Dogs recognize when 3D objects violate Newton's laws of physics

When the 3D animated ball violates the laws of physics, dogs act as if they know they are being fooled, and that what they are witnessing goes against 'common sense'.

In the test, the dogs looked longer, and the pupils widened when the animated ball rolled on its own without being affected by force. This shows that the animals were also surprised by the strange phenomenon, the movement of the ball went against their expectations. That is the opinion of Christoph Völter, a researcher working at the University of Veterinary Medicine in Austria.

'This is the starting point for further studies,' says Professor Völter. 'You have certain expectations [about activity in] the environment - things that are commonly associated with the laws of physics. Suddenly something goes against the norm, and now you're more focused, trying to understand what just happened.

Picture 1 of Dogs recognize when 3D objects violate Newton's laws of physics
One dog participated in the experiment.

In similar tests on young children and chimpanzees over 6 months old, the scientists found that subjects were also more focused when looking at strange things. Human studies show that pupils widen when the brain is active, like when calculating, or when the brain experiences strong emotions like joy or surprise. Previous studies on dogs have also shown that when looking at an angry person's face, the dog's pupils dilate larger than when looking at a happy person's face.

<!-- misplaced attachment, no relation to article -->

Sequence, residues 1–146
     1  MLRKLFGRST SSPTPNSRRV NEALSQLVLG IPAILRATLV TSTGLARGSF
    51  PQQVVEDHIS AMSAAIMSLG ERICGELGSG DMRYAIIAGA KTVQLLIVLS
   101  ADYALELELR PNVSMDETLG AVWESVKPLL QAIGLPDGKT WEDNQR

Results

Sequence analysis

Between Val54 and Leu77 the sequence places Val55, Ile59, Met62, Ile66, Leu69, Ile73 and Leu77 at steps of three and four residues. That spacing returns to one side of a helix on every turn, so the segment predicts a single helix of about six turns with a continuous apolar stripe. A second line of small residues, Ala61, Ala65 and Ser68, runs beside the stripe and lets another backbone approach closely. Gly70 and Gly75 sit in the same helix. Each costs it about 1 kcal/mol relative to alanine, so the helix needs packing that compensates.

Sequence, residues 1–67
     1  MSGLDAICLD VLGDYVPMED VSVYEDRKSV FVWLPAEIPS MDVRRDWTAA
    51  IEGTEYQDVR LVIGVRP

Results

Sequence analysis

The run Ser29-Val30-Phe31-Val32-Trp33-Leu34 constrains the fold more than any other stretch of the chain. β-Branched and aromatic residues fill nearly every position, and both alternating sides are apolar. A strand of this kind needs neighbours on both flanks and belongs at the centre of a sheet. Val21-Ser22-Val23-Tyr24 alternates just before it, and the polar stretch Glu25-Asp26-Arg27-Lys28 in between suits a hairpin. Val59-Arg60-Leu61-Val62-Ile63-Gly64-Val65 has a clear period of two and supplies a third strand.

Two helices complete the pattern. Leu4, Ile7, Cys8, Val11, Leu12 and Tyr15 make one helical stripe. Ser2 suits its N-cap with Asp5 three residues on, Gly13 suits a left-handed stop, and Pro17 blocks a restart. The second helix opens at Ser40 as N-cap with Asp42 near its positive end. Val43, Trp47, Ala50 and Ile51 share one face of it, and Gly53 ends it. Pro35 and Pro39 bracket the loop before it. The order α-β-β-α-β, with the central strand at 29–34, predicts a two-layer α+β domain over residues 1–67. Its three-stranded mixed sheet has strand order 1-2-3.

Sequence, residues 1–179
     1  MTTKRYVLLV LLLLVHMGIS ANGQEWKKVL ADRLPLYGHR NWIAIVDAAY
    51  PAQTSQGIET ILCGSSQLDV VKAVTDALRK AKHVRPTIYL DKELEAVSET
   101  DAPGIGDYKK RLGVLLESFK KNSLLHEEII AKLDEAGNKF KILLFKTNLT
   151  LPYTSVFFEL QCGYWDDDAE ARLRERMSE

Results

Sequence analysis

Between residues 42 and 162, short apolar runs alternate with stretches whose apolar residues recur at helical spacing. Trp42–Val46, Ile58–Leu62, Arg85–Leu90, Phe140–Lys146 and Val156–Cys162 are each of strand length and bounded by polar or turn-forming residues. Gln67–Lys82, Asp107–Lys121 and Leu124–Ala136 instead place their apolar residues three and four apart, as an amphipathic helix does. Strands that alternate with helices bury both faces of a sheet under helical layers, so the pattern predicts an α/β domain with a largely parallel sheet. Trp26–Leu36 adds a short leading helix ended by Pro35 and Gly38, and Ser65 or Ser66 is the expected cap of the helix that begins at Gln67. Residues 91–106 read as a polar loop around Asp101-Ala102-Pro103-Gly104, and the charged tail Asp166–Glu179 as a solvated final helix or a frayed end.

Völter and his partner Ludwig Huber decided to do a test to see how dogs react when faced with an unrealistic situation. The test subjects were 14 adult dogs (including border collie, Labrador retriever and some hybrids). The dogs will rest their chin on a stand, and watch a series of videos with animal content, interspersed with videos showing 3D balls in motion.

In a video showing two balls colliding, the first ball pushes the second ball away, everything goes as usual. But in another video, the first ball suddenly stops before hitting the second ball, yet the second ball rolls on its own without any physical impact. This video shows a scene that goes against the laws of physics.

Like small children and chimpanzees, dogs focus on watching the ball paradoxically. At the same time, the dog's pupils dilated, indicating that the event went against the dog's expectations.

This does not prove that dogs can understand physics with complex math, but it does show that dogs also have a certain perception of physical effects in the environment. According to researcher Völter, such expectations are the first building blocks to understanding.

To date, however, no experiments have shown what these dog expectations mean for the animal's life.